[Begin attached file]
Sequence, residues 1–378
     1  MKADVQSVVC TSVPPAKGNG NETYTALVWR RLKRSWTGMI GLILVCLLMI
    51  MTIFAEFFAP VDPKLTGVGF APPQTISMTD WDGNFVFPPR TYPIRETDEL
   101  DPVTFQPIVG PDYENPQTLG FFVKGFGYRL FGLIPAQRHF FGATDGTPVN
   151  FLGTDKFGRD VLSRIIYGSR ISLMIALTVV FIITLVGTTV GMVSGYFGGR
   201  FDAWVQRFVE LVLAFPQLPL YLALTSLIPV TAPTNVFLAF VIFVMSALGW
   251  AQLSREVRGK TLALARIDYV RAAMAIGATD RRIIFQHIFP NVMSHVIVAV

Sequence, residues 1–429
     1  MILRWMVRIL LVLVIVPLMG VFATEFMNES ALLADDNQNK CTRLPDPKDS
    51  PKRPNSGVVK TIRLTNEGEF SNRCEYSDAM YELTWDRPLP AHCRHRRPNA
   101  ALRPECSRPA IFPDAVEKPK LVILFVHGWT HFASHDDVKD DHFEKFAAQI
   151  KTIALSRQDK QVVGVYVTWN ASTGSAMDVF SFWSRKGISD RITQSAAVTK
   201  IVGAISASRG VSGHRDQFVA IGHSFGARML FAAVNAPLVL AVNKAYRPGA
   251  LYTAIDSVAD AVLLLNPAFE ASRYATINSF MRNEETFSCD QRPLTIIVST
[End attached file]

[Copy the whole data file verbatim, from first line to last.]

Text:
Sequence, residues 1–378
     1  MKADVQSVVC TSVPPAKGNG NETYTALVWR RLKRSWTGMI GLILVCLLMI
    51  MTIFAEFFAP VDPKLTGVGF APPQTISMTD WDGNFVFPPR TYPIRETDEL
   101  DPVTFQPIVG PDYENPQTLG FFVKGFGYRL FGLIPAQRHF FGATDGTPVN
   151  FLGTDKFGRD VLSRIIYGSR ISLMIALTVV FIITLVGTTV GMVSGYFGGR
   201  FDAWVQRFVE LVLAFPQLPL YLALTSLIPV TAPTNVFLAF VIFVMSALGW
   251  AQLSREVRGK TLALARIDYV RAAMAIGATD RRIIFQHIFP NVMSHVIVAV

Sequence, residues 1–429
     1  MILRWMVRIL LVLVIVPLMG VFATEFMNES ALLADDNQNK CTRLPDPKDS
    51  PKRPNSGVVK TIRLTNEGEF SNRCEYSDAM YELTWDRPLP AHCRHRRPNA
   101  ALRPECSRPA IFPDAVEKPK LVILFVHGWT HFASHDDVKD DHFEKFAAQI
   151  KTIALSRQDK QVVGVYVTWN ASTGSAMDVF SFWSRKGISD RITQSAAVTK
   201  IVGAISASRG VSGHRDQFVA IGHSFGARML FAAVNAPLVL AVNKAYRPGA
   251  LYTAIDSVAD AVLLLNPAFE ASRYATINSF MRNEETFSCD QRPLTIIVST